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Re: [Qemu-block] [RFC v2] new, node-graph-based fleecing and backup

From: Max Reitz
Subject: Re: [Qemu-block] [RFC v2] new, node-graph-based fleecing and backup
Date: Mon, 20 Aug 2018 15:32:39 +0200
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On 2018-08-20 11:42, Vladimir Sementsov-Ogievskiy wrote:
> 18.08.2018 00:50, Max Reitz wrote:
>> On 2018-08-14 19:01, Vladimir Sementsov-Ogievskiy wrote:


>>> Proposal:
>>> For fleecing we need two nodes:
>>> 1. fleecing hook. It's a filter which should be inserted on top of active
>>> disk. It's main purpose is handling guest writes by copy-on-write operation,
>>> i.e. it's a substitution for write-notifier in backup job.
>>> 2. fleecing cache. It's a target node for COW operations by fleecing-hook.
>>> It also represents a point-in-time snapshot of active disk for the readers.
>> It's not really COW, it's copy-before-write, isn't it?  It's something
>> else entirely.  COW is about writing data to an overlay *instead* of
>> writing it to the backing file.  Ideally, you don't copy anything,
>> actually.  It's just a side effect that you need to copy things if your
>> cluster size doesn't happen to match exactly what you're overwriting.
> Hmm. I'm not against. But COW term was already used in backup to
> describe this.

Bad enough. :-)

>> CBW is about copying everything to the overlay, and then leaving it
>> alone, instead writing the data to the backing file.
>> I'm not sure how important it is, I just wanted to make a note so we
>> don't misunderstand what's going on, somehow.
>> The fleecing hook sounds good to me, but I'm asking myself why we don't
>> just add that behavior to the backup filter node.  That is, re-implement
>> backup without before-write notifiers by making the filter node actually
>> do something (I think there was some reason, but I don't remember).
> fleecing don't need any block-job at all, so, I think it is good to have
> fleecing filter
> to be separate. And then, it should be reused by internal backup.

Sure, but we have backup now.  Throwing it out of the window and
rewriting it just because sounds like a lot of work for not much gain.

> Hm, we can call this backup-filter instead of fleecing-hook, what is the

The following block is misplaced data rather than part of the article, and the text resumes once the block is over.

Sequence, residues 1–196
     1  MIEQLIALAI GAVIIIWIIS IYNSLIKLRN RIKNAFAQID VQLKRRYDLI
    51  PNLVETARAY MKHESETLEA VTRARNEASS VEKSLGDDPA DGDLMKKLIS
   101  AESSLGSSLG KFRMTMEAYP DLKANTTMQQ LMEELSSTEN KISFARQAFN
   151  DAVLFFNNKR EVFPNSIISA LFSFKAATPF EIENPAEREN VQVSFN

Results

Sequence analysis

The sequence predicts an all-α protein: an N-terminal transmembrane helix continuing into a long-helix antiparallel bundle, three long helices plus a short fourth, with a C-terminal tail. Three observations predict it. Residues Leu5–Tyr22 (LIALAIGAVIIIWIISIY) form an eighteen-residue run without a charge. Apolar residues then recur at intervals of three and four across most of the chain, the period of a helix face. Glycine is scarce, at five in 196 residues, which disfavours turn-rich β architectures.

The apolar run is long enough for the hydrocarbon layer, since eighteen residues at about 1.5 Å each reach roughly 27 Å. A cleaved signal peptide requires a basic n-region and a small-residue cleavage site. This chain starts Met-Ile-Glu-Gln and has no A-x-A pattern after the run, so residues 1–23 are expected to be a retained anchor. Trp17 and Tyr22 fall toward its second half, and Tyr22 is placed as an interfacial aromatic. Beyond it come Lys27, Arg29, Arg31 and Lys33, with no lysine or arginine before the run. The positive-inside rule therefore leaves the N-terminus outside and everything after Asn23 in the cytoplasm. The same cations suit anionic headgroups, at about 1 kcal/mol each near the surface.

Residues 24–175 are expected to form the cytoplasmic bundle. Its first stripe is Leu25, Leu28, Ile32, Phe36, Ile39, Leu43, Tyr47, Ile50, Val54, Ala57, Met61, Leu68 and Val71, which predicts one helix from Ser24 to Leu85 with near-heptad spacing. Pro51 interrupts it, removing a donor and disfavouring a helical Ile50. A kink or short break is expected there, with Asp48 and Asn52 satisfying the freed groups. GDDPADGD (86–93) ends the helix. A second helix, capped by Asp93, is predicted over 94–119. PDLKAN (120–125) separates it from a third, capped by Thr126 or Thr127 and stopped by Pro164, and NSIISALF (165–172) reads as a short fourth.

> difference?

The difference would be that instead of putting it into an entirely new
block driver, you'd move the functionality inside of block/backup.c
(thus relieving backup from having to use the before-write notifiers as
I described above).  That may keep the changes easier to handle.

I do think it'd be cleaner, but the question is, does it really gain you
something?  Aside from not having to start a block job, but I don't
really consider this an issue  (it's not really more difficult to start
a block job than to do block graph manipulation yourself).


>>> Ok, this works, it's an image fleecing scheme without any block jobs.
>> So this is the goal?  Hm.  How useful is that really?
>> I suppose technically you could allow blockdev-add'ing a backup filter
>> node (though only with sync=none) and that would give you the same.
> what is backup filter node?

Ah, right...  My mistake.  I thought backup had a filter node like
mirror and commit do.  But it wasn't necessary so far because there was
no permission issue with backup like there was with mirror and commit.

OK, so my idea would have been that basically every block job can be
represented with a filter node that actually performs the work.  We only
need the block job to make it perform in background.

(BDSs can only do work when requested to do so, usually by a parent --
you need a block job if you want them to continuously perform work.)

But that's just my idea, it's not really how things are right now.

So from that POV, having a backup-filter/fleecing-hook that actually
performs the backup work is something I would like -- but again, I don't
know whether it's actually important.

>>> Problems with realization:
>>> 1 What to do with hack-permissions-node? What is a true way to implement
>>> something like this? How to tune permissions to avoid this additional node?
>> Hm, how is that different from what we currently do?  Because the block
>> job takes care of it?
> 1. As I understand, we agreed, that it is good to use filter node
> instead of write_notifier.

Ah, great.

> 2. We already have fleecing scheme, when we should create some subgraph
> between nodes.

Yes, but how do the permissions work right now, and why wouldn't they
work with your schema?

> 3. If we move to filter-node instead of write_notifier, block job is not
> actually needed for fleecing, and it is good to drop it from the
> fleecing scheme, to simplify it, to make it more clear and transparent.

If that's possible, why not.  But again, I'm not sure whether that's
enough of a reason for the endavour, because whether you start a block
job or do some graph manipulation yourself is not really a difference in

But it's mostly your call, since I suppose you'd be doing most of the work.

> And finally, we will have unified filter-node-based scheme for backup
> and fleecing, modular and customisable.


>>> Benefits, or, what can be done:
>>> 1. We can implement special Fleecing cache filter driver, which will be a 
>>> real
>>> cache: it will store some recently written clusters and RAM, it can have a
>>> backing (or file?) qcow2 child, to flush some clusters to the disk, etc. So,
>>> for each cluster of active disk we will have the following characteristics:
>>> - changed (changed in active disk since backup start)